Precordial Catch Syndrome

Precordial catch syndrome is a sharp pain that appears without warning on the left side of your chest, near your heart. It’s not a medical emergency, but you may want to talk to a healthcare provider. Medical experts aren’t sure what causes it, but it often appears when you don’t sit or stand straight. It goes away within a few minutes.


Precordial catch syndrome causes a short, intense pain around your heart. Causes may include a pinched nerve or muscle spasm.
Precordial catch syndrome causes a sudden, stabbing pain on the left side of your chest. It only affects a small area and goes away quickly.

What is precordial catch syndrome?

Precordial catch syndrome is a short, sharp pain (“catch”) that suddenly appears in your chest, near your heart. “Precordial” means the pain relates to the precordium. The precordium is the area of your chest wall covering your heart.

The pain can be intense and extreme — it may feel like you’re getting stabbed by a sharp object — but it goes away quickly, doesn’t affect any other parts of your body and isn’t a symptom of a severe condition. You may experience the pain only once in your life, or it may appear occasionally.

Other names for precordial catch syndrome include:

  • Chest wall twinge syndrome.
  • Texidor’s twinge.

Is precordial catch syndrome serious?

No, precordial catch syndrome isn’t serious. It’s a common, harmless condition. There’s no association between precordial catch syndrome and heart or lung disease.

How common is precordial catch syndrome?

Precordial catch syndrome is common, especially in older children, teenagers and young adults.


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Symptoms and Causes

What are the symptoms of precordial catch syndrome?

The main symptom of precordial catch syndrome is a sharp, stabbing pain on the left side of your chest, usually just below the nipple. The characteristics of precordial catch syndrome pain include:

  • It appears suddenly.
  • It usually appears when you’re exhibiting poor posture at rest (such as slouching on a couch or chair). But it may occur during light physical activity like walking.
  • It only affects a small area, usually no bigger than one or two fingertips. It doesn’t spread out (radiate) to other areas.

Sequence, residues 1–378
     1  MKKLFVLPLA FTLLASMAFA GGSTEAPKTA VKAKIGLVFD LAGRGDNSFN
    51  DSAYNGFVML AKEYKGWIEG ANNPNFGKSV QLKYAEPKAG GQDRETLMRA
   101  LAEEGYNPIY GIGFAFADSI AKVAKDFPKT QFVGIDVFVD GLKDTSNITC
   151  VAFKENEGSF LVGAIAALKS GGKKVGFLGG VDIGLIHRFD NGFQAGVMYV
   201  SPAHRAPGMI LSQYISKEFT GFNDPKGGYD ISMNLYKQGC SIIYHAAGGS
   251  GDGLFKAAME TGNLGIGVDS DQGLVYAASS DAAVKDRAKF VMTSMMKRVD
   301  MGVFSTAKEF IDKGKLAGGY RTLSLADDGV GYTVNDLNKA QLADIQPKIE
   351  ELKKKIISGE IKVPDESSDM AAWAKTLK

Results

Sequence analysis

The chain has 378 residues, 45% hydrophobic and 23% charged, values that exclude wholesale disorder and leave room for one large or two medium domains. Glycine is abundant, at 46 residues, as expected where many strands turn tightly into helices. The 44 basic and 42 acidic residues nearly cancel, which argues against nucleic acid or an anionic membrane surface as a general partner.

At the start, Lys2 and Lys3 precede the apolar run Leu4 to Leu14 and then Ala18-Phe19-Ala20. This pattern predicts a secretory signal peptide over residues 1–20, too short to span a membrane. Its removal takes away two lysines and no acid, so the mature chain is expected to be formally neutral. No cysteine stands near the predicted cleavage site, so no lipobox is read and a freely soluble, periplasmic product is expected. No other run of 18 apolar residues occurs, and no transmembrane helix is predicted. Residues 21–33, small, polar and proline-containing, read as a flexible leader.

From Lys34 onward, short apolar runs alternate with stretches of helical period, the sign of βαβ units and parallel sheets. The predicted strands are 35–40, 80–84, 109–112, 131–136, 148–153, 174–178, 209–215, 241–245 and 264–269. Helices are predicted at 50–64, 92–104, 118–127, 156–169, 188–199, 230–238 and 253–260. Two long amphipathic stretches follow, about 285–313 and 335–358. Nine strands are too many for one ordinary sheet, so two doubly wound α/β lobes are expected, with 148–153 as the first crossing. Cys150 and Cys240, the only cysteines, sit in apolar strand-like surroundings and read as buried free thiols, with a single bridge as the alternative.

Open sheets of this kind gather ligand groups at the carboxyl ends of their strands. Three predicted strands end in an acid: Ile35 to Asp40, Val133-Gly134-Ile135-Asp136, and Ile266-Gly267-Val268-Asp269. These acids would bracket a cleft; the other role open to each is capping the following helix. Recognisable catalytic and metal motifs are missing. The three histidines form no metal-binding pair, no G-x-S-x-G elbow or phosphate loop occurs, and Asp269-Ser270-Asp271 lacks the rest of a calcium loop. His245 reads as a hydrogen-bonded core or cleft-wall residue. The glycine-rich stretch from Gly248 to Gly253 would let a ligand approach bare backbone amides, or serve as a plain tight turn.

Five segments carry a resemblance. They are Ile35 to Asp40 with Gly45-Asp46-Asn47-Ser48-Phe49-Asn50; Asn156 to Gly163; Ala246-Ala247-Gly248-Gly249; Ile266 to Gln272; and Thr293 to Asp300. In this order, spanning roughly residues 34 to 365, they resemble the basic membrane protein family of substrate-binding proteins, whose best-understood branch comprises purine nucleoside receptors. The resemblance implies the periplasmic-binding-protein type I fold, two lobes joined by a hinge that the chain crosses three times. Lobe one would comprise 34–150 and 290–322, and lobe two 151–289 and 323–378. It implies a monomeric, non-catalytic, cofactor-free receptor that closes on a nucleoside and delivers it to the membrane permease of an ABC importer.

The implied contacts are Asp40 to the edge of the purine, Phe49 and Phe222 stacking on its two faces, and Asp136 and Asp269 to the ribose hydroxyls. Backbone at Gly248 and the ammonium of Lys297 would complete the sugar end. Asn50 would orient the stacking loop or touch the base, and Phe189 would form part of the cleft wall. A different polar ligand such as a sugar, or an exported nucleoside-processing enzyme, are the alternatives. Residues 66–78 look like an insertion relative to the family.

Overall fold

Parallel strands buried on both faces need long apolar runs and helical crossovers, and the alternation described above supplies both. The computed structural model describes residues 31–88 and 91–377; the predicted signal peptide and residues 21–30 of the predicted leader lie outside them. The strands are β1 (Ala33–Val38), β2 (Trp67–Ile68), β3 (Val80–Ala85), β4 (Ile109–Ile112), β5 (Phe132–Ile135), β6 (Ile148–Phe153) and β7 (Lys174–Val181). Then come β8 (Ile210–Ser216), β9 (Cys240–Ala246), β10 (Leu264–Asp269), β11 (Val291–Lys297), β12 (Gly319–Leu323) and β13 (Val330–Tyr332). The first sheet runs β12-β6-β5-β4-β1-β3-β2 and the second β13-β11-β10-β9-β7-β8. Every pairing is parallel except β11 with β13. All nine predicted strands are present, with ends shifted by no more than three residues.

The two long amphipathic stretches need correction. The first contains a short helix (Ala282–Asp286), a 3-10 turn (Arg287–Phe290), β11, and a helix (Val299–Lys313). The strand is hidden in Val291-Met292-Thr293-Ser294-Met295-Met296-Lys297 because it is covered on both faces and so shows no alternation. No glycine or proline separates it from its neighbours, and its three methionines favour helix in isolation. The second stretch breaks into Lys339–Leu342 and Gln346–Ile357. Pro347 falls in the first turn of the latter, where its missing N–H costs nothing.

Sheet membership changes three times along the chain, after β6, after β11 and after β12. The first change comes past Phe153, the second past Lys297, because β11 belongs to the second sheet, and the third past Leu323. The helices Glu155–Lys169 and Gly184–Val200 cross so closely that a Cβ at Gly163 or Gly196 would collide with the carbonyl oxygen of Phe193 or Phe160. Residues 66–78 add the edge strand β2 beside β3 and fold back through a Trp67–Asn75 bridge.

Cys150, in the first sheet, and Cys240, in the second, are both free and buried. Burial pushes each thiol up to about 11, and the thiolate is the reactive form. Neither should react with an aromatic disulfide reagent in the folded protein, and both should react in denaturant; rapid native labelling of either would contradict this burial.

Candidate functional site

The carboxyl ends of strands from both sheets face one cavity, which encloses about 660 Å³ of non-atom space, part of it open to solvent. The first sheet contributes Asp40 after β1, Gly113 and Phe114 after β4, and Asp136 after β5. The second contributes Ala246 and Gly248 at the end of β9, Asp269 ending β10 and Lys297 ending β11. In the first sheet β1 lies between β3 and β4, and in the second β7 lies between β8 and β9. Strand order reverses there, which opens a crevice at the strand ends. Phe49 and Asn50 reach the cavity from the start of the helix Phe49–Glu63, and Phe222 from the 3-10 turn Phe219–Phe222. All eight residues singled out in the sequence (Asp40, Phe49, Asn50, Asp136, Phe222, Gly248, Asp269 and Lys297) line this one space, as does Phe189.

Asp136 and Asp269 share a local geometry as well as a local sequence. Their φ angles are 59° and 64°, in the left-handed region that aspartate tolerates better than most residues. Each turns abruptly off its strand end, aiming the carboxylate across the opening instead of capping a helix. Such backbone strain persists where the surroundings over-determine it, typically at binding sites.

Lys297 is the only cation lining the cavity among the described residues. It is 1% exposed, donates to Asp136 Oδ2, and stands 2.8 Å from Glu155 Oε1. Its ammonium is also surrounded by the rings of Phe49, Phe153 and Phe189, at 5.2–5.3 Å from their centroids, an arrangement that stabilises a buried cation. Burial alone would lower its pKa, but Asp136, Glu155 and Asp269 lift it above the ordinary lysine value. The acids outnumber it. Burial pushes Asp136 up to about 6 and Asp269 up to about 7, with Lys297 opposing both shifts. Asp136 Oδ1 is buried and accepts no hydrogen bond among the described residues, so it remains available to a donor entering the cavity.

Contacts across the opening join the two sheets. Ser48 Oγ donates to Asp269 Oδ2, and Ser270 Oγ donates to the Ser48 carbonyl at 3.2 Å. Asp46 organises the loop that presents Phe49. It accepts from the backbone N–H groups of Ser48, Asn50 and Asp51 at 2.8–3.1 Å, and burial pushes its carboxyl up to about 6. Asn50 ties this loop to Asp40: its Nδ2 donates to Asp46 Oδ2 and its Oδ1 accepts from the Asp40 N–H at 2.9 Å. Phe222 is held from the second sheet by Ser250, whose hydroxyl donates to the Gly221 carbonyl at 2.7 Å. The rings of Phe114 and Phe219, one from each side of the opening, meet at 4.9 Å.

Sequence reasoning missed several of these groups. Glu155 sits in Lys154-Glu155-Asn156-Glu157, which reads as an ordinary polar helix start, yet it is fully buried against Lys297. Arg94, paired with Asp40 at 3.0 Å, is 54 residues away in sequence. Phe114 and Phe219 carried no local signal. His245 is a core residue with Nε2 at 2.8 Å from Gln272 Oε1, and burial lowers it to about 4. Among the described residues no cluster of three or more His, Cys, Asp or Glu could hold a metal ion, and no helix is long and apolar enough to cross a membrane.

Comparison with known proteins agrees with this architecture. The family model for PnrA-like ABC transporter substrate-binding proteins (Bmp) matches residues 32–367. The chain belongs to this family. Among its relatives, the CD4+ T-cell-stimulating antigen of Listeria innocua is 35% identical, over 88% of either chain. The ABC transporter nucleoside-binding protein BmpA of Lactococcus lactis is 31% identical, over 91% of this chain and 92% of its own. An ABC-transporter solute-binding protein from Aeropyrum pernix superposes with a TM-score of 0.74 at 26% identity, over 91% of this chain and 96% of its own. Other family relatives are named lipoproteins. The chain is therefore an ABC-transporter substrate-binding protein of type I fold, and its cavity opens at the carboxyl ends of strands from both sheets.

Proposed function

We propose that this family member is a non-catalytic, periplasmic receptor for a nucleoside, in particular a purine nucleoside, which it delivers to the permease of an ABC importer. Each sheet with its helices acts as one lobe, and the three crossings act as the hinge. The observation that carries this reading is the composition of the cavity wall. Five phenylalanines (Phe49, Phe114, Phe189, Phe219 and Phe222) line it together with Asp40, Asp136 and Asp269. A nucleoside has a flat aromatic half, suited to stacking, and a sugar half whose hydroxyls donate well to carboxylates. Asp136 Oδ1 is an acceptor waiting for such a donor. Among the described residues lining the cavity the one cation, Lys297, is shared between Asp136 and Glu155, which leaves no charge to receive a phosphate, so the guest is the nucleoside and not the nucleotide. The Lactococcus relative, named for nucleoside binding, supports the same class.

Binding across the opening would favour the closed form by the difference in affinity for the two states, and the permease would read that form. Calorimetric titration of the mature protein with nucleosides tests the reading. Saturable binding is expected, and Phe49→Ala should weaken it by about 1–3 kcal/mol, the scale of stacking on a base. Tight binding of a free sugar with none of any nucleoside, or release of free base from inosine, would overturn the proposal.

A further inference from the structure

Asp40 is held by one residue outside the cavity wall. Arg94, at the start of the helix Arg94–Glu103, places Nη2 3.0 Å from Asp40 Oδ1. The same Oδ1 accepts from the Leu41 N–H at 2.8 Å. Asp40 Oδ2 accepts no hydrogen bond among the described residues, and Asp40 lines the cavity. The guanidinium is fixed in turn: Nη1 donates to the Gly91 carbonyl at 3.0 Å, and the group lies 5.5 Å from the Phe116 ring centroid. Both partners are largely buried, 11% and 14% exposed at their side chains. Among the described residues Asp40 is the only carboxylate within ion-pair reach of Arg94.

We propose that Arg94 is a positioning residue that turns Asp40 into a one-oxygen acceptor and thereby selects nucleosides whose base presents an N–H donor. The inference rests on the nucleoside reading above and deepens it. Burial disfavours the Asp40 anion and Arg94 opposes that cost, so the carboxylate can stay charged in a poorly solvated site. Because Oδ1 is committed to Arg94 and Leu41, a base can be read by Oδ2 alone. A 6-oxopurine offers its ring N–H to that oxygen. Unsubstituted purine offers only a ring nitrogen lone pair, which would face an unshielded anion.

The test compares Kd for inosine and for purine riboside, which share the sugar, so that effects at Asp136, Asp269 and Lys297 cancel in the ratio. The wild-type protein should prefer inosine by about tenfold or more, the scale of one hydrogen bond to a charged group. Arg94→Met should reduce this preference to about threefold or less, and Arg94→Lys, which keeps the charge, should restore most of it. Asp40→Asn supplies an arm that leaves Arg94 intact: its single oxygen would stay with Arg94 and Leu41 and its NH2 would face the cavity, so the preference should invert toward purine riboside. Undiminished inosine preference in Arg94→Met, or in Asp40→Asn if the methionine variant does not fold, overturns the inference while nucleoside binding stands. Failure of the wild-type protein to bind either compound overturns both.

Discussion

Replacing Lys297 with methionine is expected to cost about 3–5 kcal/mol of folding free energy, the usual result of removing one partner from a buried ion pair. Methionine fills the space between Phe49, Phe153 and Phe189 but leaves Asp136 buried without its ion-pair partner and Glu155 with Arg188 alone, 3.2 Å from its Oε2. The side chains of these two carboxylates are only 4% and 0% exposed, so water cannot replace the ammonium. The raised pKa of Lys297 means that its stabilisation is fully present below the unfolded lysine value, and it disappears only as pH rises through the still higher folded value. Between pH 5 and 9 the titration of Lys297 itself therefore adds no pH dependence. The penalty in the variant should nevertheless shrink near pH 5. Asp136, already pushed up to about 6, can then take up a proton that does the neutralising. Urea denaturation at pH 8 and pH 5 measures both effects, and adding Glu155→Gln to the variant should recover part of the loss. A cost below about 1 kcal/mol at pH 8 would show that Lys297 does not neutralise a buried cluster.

• It gets worse when you take deep breaths, which may cause you to take short, shallow breaths.
  • You may be afraid to take a deep breath when the pain occurs.
  • It goes away quickly — it may last just a few seconds or up to three minutes.
  • No other symptoms or physical changes.

What causes precordial catch syndrome?

Medical experts aren’t sure what causes precordial catch syndrome. But they think it may be due to pinched nerves or muscle spasms in the lining around your lungs (pleura) or in your ribs or cartilage. Because it usually affects older children, teenagers and young adults, it may also be a side effect of a growth spurt.

Who does this precordial catch syndrome affect?

Anyone can have precordial catch syndrome, but it most commonly affects children as young as 6 and young adults into their early 20s.


What are the complications of precordial catch syndrome?

Precordial catch syndrome isn’t a dangerous condition, but complications can arise. These include:

  • Dizziness from taking short, shallow breaths.
  • Stress or anxiety from thinking your symptoms might relate to a serious heart or lung condition.

Diagnosis and Tests

How do you know if you have precordial catch syndrome?

A healthcare provider can diagnose precordial catch syndrome. They’ll ask about your symptoms, review your medical history and conduct a physical examination. During the physical exam, they’ll listen to your lungs and heartbeat with a stethoscope (auscultation). They’ll also check your chest for feelings of tenderness.

What tests will be done to diagnose precordial catch syndrome?